Mission Viejo Trust Attorney


Though it can be hard for some to address, it’s necessary to determine what will happen to your property and assets after your death. Trusts are an essential way to protect your assets and help ensure they make their way to your loved ones after your passing. You can create a plan for what will happen to money, accounts, real estate, and other assets during your lifetime with a trust. This provides your loved ones with less to worry about after your death and better financial security.

Without an outlined plan for your assets, your loved ones may have to deal with the lengthy court process of probate. Not only can this take years, but it can be costly. Estate planning is necessary in California to prevent loved ones from going through this process during their grief. It’s important to put time and thought into the creation of an effective trust, and one which is legally sound. A trust and estate planning attorney can make the creation of a trust much easier and be sure that it is secure and legally binding.


Our office has decades of estate planning and trust creation, and we want to help to craft a trust that provides you peace of mind and keeps your assets secure. A trust is not the only aspect of estate planning, but it is one of the most important. If you become incapacitated or die, a trust keeps your assets with your loved ones. It can provide you and them with a secure financial future.

At the Law Office of Christopher P. Walker, P.C., we want to help you understand the function and specifics of the trust you are creating and be sure that it meets your specifications. At our firm, we believe in careful attention to detail and personalized legal counsel. We focus on communication and quality of service and want to help you create a will that you can feel secure with.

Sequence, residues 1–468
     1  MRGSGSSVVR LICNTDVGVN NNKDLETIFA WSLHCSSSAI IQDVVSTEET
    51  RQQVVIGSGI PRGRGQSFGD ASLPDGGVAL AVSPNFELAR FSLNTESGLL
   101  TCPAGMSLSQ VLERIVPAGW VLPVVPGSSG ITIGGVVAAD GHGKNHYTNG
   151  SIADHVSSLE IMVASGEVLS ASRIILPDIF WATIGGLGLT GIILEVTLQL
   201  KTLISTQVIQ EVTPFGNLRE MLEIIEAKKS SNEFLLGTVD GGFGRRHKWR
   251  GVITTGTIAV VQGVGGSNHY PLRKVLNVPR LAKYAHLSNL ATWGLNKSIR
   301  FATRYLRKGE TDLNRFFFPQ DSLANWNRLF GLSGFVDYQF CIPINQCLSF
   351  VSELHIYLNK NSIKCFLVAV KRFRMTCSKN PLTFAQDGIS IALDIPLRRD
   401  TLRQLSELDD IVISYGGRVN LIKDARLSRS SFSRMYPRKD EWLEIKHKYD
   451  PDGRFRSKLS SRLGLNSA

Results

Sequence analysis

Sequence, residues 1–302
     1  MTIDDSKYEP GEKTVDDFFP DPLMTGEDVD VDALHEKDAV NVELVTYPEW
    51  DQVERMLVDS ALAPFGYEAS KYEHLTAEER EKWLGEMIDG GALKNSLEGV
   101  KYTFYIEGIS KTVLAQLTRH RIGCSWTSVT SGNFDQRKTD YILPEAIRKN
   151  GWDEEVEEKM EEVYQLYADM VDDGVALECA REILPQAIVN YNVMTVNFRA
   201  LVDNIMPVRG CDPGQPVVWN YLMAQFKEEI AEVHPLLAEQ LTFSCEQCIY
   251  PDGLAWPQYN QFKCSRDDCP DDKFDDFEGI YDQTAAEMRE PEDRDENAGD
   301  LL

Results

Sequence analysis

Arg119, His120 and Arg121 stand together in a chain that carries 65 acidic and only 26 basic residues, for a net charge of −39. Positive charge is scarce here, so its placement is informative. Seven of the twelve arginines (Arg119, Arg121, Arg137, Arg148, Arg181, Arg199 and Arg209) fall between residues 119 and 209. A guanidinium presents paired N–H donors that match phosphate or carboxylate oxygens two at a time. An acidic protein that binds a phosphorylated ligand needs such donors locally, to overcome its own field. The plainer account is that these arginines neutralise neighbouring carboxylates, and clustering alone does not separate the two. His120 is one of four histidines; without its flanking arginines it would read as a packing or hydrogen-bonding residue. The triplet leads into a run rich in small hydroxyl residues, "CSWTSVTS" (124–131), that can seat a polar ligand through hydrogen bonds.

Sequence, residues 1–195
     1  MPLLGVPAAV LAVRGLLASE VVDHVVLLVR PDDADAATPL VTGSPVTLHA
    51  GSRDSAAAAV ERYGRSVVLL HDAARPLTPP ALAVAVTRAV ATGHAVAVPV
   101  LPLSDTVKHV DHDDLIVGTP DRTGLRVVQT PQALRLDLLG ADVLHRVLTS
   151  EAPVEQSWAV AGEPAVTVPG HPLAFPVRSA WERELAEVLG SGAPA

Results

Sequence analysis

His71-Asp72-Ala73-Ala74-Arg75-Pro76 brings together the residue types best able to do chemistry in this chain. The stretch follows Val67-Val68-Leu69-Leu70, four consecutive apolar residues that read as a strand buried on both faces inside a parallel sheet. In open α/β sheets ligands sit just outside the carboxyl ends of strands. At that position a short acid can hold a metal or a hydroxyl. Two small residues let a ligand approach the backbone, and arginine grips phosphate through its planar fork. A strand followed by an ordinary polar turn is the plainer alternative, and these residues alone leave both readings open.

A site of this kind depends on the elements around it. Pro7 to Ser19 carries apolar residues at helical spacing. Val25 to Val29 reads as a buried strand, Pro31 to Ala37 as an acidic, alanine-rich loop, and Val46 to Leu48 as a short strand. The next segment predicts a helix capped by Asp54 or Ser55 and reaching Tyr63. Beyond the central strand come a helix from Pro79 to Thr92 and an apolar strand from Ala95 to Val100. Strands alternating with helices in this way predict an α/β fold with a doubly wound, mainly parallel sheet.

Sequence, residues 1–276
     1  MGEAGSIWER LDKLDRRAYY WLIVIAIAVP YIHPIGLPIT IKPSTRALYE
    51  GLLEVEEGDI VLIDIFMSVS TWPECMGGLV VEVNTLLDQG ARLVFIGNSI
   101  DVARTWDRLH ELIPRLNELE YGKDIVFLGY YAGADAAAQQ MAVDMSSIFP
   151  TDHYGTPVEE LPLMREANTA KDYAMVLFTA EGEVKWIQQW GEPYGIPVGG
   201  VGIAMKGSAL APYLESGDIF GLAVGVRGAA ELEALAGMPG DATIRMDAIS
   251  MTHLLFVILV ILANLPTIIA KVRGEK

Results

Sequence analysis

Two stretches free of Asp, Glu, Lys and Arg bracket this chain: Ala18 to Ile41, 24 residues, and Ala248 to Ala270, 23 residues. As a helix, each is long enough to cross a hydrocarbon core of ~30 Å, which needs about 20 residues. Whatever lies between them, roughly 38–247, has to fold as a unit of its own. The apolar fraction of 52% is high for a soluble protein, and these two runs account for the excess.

Creating a Trust

A trust holds your assets while you’re alive through a legal entity. You, the trustor or grantor, give legal ownership of the assets in it to another party, the trustee, after your death. The trustee may be a loved one, such as a family member, an institution, or another professional that you trust, such as an attorney. It’s important that the person or institution you name your trustee is someone you can trust and is financially and legally responsible.

Before you pass, you are usually considered the trustee, and the contents of the trust are still yours. If you feel you are unable to look after your trust while you’re alive, you can name someone else the trustee and yourself the beneficiary, continuing to allow you access to your assets. You may feel that you are too busy to properly handle the trust or that you don’t have the financial and legal understanding to take care of it.

Whether you are considered the beneficiary or the trustee at the time of trust creation, you must name a trustee when you pass. When you die, the trustee you named will have the job of taking care of your trust and distributing its contents according to your directives. The trustee is also responsible for taxes and other important legal and financial matters. They are legally liable if they poorly manage your trust and cause damages. The person you appoint as trustee must understand these responsibilities.

In the document, you can name beneficiaries to the contents of your trust. They may be loved ones, family members, or other beneficiaries. They will inherit your assets, and the trustee will distribute the contents to them. The trustee and the beneficiaries are part of a fiduciary relationship once the trust is created, meaning that the trustee must act in the best interests of the beneficiaries. A trustee is not allowed to take any action that is against the best interests of the beneficiaries.


A trust’s contents may include a number of personal assets and real estate that you want beneficiaries to be given. This includes: